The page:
The Exact Conversation You Had With a Theoretical Pixel About The Future of Video Games

You’re inside a screen, deep into the digital sprawl. Sitting on the grass outside Kakariko Village, looking over the Corel Desert backdropped with a silhouette of the Boletarian Palace.

“You can’t imagine all the things I’ve been”, says theoretical pixel.

At the sky’s apex, it shifts from day to perpetual night.

“In my infinite parallel forms, I’m everything from the dirt you’re sitting on to a fleck of skull dust in the catacombs. I’ve lived a billion lifetimes over the past decade, and had my form thoughtfully crafted into tens of thousands of deep universes. The corona of an alien sun. The glint of an ancient gemstone. A non-specific patch of armchair in a New Orleans apartment.”

The pixel sequences itself into the form of a mountain which, when viewed from above, looked a bit like a sad face.

“That sounds like a life more varied than any human being”, you say. “Why do you look so sad?”

“Let me tell you something,” it says. Quickly snapping into its old role as Lex Luger in the 1993 NES title King of the Ring before merging back into the mountain.

“I can feel a change coming. I can feel it in my binaries”.

Above you, pixels from infinite graphical processors tune into the same piece of malleable code, morphing in synchronicity to form a randomized expanse of homogenous solar systems, animals, and alien humanoid races.

“There’s this one creature that looks almost exactly the same as me. Except it has a different arse. It’s not like the old days where every Goomba was atomically identical.”

It takes the shape of a teddy bear with one sad eye.

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You continue through the field, stepping on slices of texture.

Turning your head up to the sky, somewhere in the laws_of_physics library, tiny functions compile and generate patterns at random, forming comets a few thousand view distances away.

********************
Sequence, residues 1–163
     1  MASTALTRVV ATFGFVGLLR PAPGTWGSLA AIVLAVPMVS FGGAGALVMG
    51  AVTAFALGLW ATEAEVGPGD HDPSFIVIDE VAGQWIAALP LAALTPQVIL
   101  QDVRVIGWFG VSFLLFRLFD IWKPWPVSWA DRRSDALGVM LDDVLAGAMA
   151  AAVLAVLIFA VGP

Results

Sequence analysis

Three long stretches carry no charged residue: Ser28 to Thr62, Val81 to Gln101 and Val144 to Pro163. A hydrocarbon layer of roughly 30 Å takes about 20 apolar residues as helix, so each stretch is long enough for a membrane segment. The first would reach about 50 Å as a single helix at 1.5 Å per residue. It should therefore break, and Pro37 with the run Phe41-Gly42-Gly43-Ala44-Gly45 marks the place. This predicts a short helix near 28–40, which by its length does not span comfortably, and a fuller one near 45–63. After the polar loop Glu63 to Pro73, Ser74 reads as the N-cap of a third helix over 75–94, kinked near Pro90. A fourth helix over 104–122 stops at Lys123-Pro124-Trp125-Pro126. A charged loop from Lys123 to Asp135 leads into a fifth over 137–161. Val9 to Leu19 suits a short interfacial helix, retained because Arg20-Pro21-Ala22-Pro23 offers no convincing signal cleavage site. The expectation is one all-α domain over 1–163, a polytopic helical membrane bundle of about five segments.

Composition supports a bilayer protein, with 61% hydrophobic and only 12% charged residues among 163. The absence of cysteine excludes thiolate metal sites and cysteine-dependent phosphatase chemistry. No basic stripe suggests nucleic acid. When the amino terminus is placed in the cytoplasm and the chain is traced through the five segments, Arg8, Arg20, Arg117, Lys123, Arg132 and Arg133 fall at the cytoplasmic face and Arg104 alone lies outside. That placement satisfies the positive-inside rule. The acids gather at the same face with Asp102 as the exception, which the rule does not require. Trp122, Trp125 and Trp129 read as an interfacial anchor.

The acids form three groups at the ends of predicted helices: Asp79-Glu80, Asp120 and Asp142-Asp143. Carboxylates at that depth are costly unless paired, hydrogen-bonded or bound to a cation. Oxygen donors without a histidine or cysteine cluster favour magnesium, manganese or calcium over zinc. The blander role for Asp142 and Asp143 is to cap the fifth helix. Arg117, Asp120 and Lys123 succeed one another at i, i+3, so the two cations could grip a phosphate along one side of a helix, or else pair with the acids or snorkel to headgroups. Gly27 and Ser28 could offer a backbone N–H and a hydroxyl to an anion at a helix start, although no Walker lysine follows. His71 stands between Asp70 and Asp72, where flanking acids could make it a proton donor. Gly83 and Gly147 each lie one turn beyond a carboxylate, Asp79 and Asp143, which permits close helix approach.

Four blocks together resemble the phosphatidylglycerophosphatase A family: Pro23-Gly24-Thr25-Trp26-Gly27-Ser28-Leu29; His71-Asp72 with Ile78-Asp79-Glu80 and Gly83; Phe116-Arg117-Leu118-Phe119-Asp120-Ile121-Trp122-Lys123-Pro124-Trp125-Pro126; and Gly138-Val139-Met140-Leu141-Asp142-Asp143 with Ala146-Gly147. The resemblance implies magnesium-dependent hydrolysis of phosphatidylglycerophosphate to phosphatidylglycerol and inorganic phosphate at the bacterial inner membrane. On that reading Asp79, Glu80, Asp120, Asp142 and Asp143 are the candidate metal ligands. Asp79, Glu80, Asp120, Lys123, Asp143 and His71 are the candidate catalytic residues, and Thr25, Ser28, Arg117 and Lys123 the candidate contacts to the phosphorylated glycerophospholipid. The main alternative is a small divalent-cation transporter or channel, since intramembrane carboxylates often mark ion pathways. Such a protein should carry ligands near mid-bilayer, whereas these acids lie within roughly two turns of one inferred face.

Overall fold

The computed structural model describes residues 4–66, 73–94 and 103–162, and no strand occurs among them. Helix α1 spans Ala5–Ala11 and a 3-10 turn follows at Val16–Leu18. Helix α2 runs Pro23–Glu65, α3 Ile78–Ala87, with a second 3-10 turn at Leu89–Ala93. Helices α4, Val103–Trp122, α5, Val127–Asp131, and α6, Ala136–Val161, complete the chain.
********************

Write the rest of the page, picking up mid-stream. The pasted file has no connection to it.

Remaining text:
Melting into The River of No Return, theoretical pixel tells you it sometimes wishes it was part of the display on a printer.

Theoretical pixel feels like it’s not being looked after any more. In the golden age, it would be given a new role for every universe.

A brick in the 2-3 Castle.

Part of James Bond’s eye.

A leaf in Oblivion.

Now, God doesn’t have a place for theoretical pixel. God creates infinite theoretical pixels and puts them under the control of The Engine — a vast network of algorithms God wrote to replace itself, and create universes bigger in scope than anyone had ever seen.

The river flickers, turns black, degrades, falls through, warping textures and pulling patterns into its black hole. Pausing to load, the environment re-renders as a multi-tonal nightscape, you’re standing on nothing, looking at nothing.

The Engine’s whirring somewhere in its hidden database, procedurally generating pitch black level design. You’re gliding past nothing into nothing with no sense of speed or direction. Theoretical pixel spawns variations of itself far off into the distance.

Down below, in the fourth dimension, Link slashes the same plant he always does, and shouts ‘HA’. Someone trolls the respawn on de_dust. You’re looking off into the distance with depth of field turned up to max. The code’s on infinite loop, replicating exponentially.

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Here, where the universe collapses in on itself and re-sequences, there’s no rest for theoretical pixel. Deep in the imperceptible tonality of near-pitch black, theoretical pixel rebelliously spins off a set of textures to write its own obituary in the dust rings of Temporary Planet 0x 08 00 00 02.

Space landscape-obsessed dreck penman. Appears on TechCrunch, The Next Web, and on Secret Cave in a far less restrained capacity.